"Hey!" I yelled. "Spit that out in the sink right now!"
He chewed faster.
"If you don't spit that out, you're going in time-out!"
He turned on his heel, and ran right to the time-out spot, chewing all the while.
And he's right. Time-out is totally worth it if it means soaking your mom with a hose and getting the whole square of chocolate to yourself.
Tuesday, September 8, 2009
But tonight he got really creative.
I could tell he was behind the recliner. But, like always, I loudly pretended to be looking for him elsewhere. As I approached the recliner, he said: "Don't look back here! Worker-guys are busy doing something back here."
("Worker-guys" could be anyone doing a job, like bagging groceries or checking out books at the library - but is most often used to describe construction crew members.)
So I tell him, "Well, I better stay out of the way if there are busy worker-guys back there. I'll try looking in the kitchen instead."
While I'm in the kitchen, going through the motions of searching for him, he yells to me from the living room, "Mom, you got a new statue in the living room."
I walk into the living room and he's standing against the wall, very still. I thought it was so cute and creative to "hide" as himself in statue form. And then, when I tickled that brand-new statue, I magically discovered that it was my son all along.
Thursday, September 3, 2009
It was unseasonably cold, so we were decked out in long-sleeved shirts, jeans, socks and tennies. Lucky for us!
Joined by our good friends, Mo's 4-year-old buddy J. and his mama M., we set out on a nature hike - one of the boys favorite adventures. I pushed Curley in the stroller.
The big boys ran ahead excitedly with M., when they stopped suddenly. I caught up and noticed J. was crying a little and apparently had gotten stung by a bee, just behind his ear. (Ouch!)
Then Mo grabbed his belly and yelled "Ow!" and "Ow!" again.
That's when I noticed the bees swarming around me, too! We all ran in the direction of the cars, the 4-year-olds and moms screaming like crazy people.
I later told my husband that the bees seemed very "sticky" and he replied, "No, they were attacking!" I guess I'm just used to being able to shoo them away and that's that.
They were really going after Mo's jeans, and M. and I had to wipe the bees off him with our hands (and then keep running). At one point the evil little buzzers turned to me and even got stuck in my hair, and I had to pull them out with my fingers. I think I only got one sting in my scalp, but man did that hurt!
Back at the car, the swarm had finally dissipated. I stripped little Mo - and it was cold out there! - and had him jump in the car. Sure enough, when I shook out his clothes, at least two more bees flew out.
Throughout the whole thing, Curley was remarkably calm - I'm sure we were great entertainment! - so we assumed he was spared. Come to find out when we got home and striped him, too, that he had three stings on his belly.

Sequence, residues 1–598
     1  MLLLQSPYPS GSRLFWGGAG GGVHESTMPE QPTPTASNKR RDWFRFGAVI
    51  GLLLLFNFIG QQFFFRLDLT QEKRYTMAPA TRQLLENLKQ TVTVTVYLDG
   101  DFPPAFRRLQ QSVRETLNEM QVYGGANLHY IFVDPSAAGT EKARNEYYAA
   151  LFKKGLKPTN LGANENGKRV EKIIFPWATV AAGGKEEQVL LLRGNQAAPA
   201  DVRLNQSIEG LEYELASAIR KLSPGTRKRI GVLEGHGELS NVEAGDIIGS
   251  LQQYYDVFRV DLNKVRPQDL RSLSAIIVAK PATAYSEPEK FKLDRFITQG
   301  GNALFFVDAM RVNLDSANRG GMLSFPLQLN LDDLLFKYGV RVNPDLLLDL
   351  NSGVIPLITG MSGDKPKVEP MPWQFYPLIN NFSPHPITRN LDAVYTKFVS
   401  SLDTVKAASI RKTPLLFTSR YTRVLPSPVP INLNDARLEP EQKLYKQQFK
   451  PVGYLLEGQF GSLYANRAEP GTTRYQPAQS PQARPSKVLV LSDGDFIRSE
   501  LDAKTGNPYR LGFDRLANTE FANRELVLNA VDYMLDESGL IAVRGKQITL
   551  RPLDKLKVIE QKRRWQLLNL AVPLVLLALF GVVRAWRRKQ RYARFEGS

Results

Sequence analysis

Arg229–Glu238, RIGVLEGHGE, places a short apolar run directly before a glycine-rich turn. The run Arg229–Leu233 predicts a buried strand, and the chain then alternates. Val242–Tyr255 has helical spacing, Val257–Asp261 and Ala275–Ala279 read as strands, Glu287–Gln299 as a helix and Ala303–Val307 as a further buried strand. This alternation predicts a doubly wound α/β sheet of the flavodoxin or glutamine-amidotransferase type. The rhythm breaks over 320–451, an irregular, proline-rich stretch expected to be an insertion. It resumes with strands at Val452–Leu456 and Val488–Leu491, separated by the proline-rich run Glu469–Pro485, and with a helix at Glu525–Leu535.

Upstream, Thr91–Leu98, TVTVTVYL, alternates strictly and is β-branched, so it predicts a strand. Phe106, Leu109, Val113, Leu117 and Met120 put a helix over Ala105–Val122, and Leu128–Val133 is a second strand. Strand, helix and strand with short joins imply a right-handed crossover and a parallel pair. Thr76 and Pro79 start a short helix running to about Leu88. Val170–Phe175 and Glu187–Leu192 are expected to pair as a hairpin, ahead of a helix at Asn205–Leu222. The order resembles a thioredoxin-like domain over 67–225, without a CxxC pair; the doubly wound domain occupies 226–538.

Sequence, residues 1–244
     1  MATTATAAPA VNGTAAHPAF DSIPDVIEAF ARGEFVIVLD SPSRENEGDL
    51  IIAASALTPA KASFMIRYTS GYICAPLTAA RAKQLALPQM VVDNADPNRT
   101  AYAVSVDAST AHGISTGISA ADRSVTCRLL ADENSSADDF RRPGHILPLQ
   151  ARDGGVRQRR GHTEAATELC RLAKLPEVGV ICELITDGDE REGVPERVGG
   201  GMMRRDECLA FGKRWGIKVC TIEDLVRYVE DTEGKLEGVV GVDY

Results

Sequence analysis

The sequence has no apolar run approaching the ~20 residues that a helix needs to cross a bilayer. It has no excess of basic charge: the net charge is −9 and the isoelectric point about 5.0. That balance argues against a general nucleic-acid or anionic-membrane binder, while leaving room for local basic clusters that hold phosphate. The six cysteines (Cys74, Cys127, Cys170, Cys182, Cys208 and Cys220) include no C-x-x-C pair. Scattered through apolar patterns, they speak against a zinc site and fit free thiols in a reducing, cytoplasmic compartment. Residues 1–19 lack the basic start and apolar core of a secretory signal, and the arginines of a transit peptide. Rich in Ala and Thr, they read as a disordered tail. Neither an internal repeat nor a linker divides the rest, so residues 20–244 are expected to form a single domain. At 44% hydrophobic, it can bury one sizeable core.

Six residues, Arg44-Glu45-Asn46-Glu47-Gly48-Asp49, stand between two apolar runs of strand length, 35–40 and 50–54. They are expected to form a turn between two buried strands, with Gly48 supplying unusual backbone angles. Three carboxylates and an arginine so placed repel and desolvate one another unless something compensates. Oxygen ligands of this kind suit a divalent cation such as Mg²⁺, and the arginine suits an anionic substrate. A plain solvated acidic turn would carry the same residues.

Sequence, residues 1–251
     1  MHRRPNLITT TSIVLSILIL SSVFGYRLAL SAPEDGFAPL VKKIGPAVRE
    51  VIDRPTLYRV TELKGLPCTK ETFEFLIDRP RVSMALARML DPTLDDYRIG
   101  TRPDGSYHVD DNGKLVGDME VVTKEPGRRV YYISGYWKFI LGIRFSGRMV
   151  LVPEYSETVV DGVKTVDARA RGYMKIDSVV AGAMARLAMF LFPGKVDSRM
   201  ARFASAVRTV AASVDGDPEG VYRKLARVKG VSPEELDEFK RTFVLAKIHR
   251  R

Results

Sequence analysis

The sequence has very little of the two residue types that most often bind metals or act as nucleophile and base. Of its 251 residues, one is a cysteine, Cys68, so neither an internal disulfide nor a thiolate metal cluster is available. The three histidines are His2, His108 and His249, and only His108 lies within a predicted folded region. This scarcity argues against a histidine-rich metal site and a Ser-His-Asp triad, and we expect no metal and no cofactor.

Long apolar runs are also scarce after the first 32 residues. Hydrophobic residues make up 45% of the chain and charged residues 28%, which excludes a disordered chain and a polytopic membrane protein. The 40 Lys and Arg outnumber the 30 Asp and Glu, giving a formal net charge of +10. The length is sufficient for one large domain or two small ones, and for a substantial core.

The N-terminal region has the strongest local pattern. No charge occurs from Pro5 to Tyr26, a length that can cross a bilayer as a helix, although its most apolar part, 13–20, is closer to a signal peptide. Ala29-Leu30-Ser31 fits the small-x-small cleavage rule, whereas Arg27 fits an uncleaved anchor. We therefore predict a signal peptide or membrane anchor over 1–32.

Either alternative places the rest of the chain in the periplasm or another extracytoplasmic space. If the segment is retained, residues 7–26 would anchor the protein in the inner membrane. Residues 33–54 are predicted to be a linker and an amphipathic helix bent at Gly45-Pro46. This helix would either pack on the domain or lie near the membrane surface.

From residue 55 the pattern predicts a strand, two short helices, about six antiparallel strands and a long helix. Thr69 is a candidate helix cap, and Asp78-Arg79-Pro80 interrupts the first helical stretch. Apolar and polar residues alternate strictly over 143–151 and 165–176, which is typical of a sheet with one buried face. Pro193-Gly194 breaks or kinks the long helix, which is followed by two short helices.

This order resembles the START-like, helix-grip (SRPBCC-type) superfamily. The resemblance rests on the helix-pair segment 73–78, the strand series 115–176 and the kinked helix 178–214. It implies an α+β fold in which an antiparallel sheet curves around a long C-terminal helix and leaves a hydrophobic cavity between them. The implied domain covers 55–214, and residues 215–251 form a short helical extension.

Not sure if he got them during the swarm or later in the car? He did cry a tiny bit on the drive home. And we found a bee in the car when we pulled into our driveway. I bet the neighbors could have heard Mo shriek, my poor little man, when he discovered we brought a bee home with us.
He had the same reaction - screamed - when he found a fly in the house about five minutes later. I killed the fly for him, just for good measure.
Mo, 42 pounds, had eight stings on his belly, back and shoulders. I called the nurseline, and they said to put a baking powder paste on it, give him some Tylenol and watch him carefully. Thankfully, I already knew he's not allergic to bees - since he had a sting when he was two. If I didn't know that, I would have headed straight to urgent care.
He never cried. And he took immense pleasure in calling the bees "stupid" and "dumb" - two words that are usually banned in our house, but I made an exception in this case. I also asked what I could get him to make him feel better and he wanted nachos from Taco Bell. So I got him that and one of those Fruitista drinks - high sugar, frozen drinks that he's only had by the straw-full when his aunt is around.
With the nachos and Fruitista, he was a happy kid again. No more mention of the bees, unless someone asked or brought it up. I was worried about nightmares or a fear of going outside - but no. We spent much of Sunday outdoors and even walked in the woods on Monday.
It was like the entire, traumatic bee attack was erased by a frozen strawberry beverage from the drive-thru.
It just amazes me at how tough my boys are.
If that happened to me as a kid, I bet I'd still be terrified of bees. In fact, after Saturday, I think I am!
Sunday, August 30, 2009
1. Curley's been through a lot in his little life - surgeries, therapy, meds, IVs, PIC lines, shots. I'm not sure if it's because of this or if it's just his personality, but Curley very rarely cries when he falls down. I once saw him barrel right into the corner of an table - it hit him right between the eyes and knocked him flat on his back. He rolled onto his belly and crawled away, on to the next thing.
Don't let anything slow you down. If you fall, get right back up.
2. When he feels like being sociable, Curely likes to wave and say, "Hi." And it doesn't matter if you're emptying garbage cans or working behind a register or rushing your kids to day care. He says "Hi" to everyone. In fact, it sometimes catches strangers off guard, and Mo's taken to explaining, "We have a very friendly baby."
Be kind to everyone, including people you've never met and may never see again.